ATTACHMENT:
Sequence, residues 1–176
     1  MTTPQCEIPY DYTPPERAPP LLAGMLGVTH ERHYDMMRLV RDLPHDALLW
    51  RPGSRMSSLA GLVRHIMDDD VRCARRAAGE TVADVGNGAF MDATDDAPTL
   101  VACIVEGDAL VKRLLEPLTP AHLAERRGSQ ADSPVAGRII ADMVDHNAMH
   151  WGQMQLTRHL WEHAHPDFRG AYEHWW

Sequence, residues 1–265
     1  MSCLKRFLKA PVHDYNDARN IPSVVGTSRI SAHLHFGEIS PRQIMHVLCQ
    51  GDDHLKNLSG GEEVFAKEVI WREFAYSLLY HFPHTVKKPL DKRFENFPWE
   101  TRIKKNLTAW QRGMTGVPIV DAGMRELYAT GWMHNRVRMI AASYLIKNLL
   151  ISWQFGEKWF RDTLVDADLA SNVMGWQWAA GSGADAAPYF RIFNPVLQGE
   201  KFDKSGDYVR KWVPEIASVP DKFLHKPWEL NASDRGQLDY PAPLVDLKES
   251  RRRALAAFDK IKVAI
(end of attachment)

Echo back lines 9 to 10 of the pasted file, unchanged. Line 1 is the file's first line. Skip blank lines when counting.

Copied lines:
   101  TRIKKNLTAW QRGMTGVPIV DAGMRELYAT GWMHNRVRMI AASYLIKNLL
   151  ISWQFGEKWF RDTLVDADLA SNVMGWQWAA GSGADAAPYF RIFNPVLQGE